The employee was seen at Orthopedic Consultants by Dr. Loren Vorlicky for a scheduled right knee injection on October 24, 2002. She told the doctor that she was now having some “upper [sic] back and abdominal pain,” worse over the last couple of weeks, and would like that evaluated along with the injection. Dr. Vorlicky found that the range of motion in the employee’s hips was symmetrical and painless, and that muscle strength and sensation was good in both lower extremities. Straight leg raising was negative, and the chart note does not indicate that any lumbar spasm or muscle tightness was noted. The employee did apparently mention low back complaints, as the doctor obtained x-rays of the lumbar spine, and also noted that “I think that her low back complaints are due to the degeneration of the motion segment above her fusion.” The employee also stated that Dr. Holte had asked her to refrain from bending, but that she had ignored that advice over the last year. Dr. Vorlicky did not provide any low back treatment other than to recommend that the employee resume her low back strengthening exercises and follow up with Dr. Holte.
On October 28, 2002, the employee telephoned Orthopedic Consultants and stated that she wanted to inform them that the lumbar spine pain she treated for on October 24 had been related to a work injury. The employee was advised to forward the workers’ compensation paperwork to the doctor’s office for them to fill out.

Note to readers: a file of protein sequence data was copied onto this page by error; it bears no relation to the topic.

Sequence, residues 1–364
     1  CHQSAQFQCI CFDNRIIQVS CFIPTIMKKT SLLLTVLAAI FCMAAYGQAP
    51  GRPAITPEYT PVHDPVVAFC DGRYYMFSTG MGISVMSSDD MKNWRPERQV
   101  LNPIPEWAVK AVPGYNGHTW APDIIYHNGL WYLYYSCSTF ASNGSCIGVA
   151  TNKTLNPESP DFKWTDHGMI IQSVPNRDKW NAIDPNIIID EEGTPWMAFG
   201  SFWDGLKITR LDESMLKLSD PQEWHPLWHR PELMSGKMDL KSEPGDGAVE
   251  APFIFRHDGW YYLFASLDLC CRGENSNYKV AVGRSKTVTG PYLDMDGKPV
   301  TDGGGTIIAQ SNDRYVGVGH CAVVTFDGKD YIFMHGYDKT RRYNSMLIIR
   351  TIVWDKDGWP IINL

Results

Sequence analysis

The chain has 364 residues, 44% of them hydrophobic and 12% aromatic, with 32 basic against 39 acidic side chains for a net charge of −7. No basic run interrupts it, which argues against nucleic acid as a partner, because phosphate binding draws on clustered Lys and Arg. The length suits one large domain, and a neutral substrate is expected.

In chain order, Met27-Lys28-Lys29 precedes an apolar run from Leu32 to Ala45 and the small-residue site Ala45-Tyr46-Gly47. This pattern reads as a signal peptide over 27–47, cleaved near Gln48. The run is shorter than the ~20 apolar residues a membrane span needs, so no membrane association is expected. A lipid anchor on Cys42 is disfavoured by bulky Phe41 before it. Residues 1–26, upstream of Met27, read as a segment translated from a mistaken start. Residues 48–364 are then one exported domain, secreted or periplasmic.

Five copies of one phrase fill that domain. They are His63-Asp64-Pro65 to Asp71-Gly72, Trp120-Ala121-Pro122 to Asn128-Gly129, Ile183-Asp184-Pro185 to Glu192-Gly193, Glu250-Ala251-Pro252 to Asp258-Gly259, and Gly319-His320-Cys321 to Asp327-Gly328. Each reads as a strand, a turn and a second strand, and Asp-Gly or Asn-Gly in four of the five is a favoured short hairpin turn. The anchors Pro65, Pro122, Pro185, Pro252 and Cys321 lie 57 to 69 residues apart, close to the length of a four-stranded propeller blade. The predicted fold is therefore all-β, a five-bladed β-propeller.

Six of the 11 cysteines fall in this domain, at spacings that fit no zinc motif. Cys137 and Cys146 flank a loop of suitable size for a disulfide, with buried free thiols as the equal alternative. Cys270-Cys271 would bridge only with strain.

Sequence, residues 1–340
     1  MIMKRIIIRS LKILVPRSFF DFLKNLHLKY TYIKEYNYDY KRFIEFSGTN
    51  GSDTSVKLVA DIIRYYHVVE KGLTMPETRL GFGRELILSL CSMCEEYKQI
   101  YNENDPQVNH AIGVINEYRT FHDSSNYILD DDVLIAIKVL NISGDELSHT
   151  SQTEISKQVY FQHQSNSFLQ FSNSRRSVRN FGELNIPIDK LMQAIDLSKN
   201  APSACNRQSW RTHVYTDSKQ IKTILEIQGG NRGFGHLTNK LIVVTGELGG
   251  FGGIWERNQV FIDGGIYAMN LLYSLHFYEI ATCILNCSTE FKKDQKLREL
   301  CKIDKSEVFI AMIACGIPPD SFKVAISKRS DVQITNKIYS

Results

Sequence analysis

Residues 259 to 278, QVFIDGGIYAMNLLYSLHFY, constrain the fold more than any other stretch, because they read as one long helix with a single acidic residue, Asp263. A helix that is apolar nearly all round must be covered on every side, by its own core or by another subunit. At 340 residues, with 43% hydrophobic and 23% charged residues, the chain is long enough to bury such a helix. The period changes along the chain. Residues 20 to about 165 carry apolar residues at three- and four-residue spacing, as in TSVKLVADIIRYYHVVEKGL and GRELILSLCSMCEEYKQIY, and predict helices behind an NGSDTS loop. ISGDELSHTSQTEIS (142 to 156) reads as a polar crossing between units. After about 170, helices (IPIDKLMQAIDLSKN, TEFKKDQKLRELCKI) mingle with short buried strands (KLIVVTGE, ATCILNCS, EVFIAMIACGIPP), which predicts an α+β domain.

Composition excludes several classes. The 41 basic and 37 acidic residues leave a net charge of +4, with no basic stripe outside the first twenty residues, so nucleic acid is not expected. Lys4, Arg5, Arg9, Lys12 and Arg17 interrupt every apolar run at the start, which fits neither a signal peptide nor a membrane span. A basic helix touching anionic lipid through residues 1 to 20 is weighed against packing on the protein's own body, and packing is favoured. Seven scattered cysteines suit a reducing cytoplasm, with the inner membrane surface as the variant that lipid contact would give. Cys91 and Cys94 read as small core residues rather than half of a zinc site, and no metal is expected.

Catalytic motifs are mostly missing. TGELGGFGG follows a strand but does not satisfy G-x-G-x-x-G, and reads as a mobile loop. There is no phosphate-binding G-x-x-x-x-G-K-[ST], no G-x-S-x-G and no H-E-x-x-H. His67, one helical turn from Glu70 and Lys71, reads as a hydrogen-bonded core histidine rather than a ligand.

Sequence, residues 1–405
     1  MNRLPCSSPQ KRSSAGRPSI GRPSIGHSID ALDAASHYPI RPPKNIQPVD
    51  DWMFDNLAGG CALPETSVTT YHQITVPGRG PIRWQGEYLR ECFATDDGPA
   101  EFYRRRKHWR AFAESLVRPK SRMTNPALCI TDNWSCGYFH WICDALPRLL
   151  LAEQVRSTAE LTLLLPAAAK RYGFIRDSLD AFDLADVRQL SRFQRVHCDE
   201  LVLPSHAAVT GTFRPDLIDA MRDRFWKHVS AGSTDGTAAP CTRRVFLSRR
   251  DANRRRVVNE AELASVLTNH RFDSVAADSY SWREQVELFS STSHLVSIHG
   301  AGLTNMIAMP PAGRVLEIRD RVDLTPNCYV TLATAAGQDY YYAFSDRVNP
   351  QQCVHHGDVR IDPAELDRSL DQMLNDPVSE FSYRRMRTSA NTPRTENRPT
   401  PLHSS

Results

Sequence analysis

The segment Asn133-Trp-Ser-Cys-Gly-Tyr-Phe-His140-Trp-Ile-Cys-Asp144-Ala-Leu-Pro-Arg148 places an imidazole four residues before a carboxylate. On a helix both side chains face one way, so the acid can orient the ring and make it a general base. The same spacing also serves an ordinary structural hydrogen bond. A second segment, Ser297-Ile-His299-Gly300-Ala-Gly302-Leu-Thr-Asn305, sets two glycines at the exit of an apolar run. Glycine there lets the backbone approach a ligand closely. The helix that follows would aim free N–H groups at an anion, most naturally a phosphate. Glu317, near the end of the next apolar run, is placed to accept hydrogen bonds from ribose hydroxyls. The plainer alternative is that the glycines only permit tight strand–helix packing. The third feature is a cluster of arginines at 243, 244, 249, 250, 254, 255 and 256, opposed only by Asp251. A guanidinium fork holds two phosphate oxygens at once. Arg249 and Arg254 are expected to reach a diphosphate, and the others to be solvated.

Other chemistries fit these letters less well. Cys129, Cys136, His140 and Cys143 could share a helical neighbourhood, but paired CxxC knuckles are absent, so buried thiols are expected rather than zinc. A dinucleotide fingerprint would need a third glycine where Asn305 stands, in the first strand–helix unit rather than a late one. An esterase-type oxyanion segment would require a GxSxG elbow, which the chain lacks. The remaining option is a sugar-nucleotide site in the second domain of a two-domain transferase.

On November 14, 2002, the employee went to the emergency department at North Memorial Hospital for chest pain. She stated that she had tried to move a heavy cart at work on October 17, and then had severe left-sided pain in the lower chest and upper abdominal region, in a radicular band-type pattern. She related having seen an orthopedic physician who thought it was probably due to muscle strain from lifting the cart. That pain had been improving, but the employee had over the last five days begun experiencing a new type of pain around her left breast. The examining physician, Dr. Fabian, thought that the chest pain was likely due to muscle strain, but since the employee had a history of possible coronary artery disease, she was admitted for cardiac observation. She was discharged the next day with a diagnosis of probable non-cardiac chest pain.